Ben Savoie encourages everyone to take a walk in their woods.
“Just knowing what you have is important, and your local conservation districts have plentiful resources to help understand what you have and make decisions about your property,” explains Savoie, the District Forester for Barry, Allegan, and Ottawa Conservation Districts.
Savoie has been working with the White Oak Initiative to help protect white oak trees throughout the state. The White Oak Initiative is a diverse coalition of universities, public agencies, nonprofits, and professional foresters that have come together in response to the troubles facing white oak regeneration and the future of sustainable white oak products.
“The White Oak Initiative is an organization founded by foresters, the cooperage industry, academia, and legislators to help promote the regrowth and sustainable use of white oak products,” adds Savoie. “The initiative is introducing legislation to protect oak forests, ensure oak products are used sustainably, and educate individuals about how to manage their land.”
Essential to Michigan forests
Oaks are an essential part of the forests of Michigan because they provide a bounty of food and shelter for birds, butterflies, and deer. Of the many oaks species Michigan has, white oaks have been significant in our forests due to the value of their timber, the exceptional acorns they provide, and the species' longevity. Recently, the forest product industry has been harvesting white oak at a rate the species cannot support, which is why the White Oak Initiative is helping to guide woodland owners and industry professionals in helping grow white oaks sustainably.
“Due to a history of mismanagement and over-harvesting, there are very few younger white oak trees that are growing to replace what large trees we have left,” expands Savoie. “Current models show that we can maintain roughly 20 years of the current production of oak products.”
Savoie and the network behind the White Oak Initiative work with those who own private forested land on how best to manage the oaks on their property.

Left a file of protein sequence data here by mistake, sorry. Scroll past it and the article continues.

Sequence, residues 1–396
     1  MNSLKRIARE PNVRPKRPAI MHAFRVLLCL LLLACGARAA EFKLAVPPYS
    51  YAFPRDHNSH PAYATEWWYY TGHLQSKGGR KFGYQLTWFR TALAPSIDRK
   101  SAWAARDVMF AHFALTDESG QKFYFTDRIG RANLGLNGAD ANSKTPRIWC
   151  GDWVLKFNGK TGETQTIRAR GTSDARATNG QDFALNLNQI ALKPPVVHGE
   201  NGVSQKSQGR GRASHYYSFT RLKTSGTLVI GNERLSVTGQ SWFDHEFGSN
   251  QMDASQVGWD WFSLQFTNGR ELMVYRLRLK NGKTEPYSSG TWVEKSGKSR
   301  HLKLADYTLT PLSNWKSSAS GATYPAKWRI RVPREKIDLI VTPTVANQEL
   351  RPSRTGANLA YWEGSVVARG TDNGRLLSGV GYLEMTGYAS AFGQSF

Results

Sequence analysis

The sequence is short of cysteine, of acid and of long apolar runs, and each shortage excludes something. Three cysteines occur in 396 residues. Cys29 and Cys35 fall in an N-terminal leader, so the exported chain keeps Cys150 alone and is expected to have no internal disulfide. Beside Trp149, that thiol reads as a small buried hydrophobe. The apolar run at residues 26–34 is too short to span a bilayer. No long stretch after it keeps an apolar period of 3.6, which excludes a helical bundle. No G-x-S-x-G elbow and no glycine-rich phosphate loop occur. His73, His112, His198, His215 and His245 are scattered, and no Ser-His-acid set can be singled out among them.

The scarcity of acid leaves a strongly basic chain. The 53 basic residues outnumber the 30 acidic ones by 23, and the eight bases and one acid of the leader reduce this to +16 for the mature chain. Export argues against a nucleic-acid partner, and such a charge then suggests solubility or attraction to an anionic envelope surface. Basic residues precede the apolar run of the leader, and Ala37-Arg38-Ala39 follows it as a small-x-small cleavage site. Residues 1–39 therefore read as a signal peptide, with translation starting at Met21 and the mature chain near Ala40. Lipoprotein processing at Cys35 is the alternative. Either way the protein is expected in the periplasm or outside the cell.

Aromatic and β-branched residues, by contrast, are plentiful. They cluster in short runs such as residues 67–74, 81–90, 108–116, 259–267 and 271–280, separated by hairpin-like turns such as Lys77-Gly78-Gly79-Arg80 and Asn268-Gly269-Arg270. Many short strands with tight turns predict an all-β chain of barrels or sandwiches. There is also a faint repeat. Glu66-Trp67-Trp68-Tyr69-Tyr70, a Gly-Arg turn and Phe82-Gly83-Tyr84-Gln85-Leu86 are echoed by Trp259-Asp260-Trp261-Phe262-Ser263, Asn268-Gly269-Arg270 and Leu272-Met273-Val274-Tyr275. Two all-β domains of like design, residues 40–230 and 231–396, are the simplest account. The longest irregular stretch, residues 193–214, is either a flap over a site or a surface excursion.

“This means I help with a wide range of subjects, from improving wildlife habitat to timber harvesting, and even managing tree pests and diseases,” explains Savoie. “My position is grant funded, so I can provide these services at no cost to landowners in my service area.”
Oak wilt threatens white oak trees.
The Forestry Assistance Program's biggest benefit is the opportunity for a free on-site assessment with a forester. This means that Savoie can walk with woodland owners and give them expert advice based on the actual conditions on the ground.
As part of a grant to the state of Michigan DNR, Savoie and his team are hosting five events to show off management practices that promote the growth of oak species.
“Right now, we have already hosted two events in Barry County and are planning three more in Allegan and Ottawa counties this year,” says Savoie. “Attendees are shown how these practices are beneficial for oaks, as well as how to introduce them to their own property.”
There's an effort to protect oak trees from disease in West Michigan.
Ottawa County Parks is also hosting a White Oak Initiative field day at Stearns Creek Park on May 12, 2023, which will feature many speakers, including Savoie, that will be talking about oak management. Event registration will open near the beginning of March.
“In the meantime, if anyone has more questions about the White Oak Initiative or all other things forestry, I encourage people to reach out,” Savoie says.
Savoie can be reached at 269-908-4134 or by email at firstname.lastname@example.org
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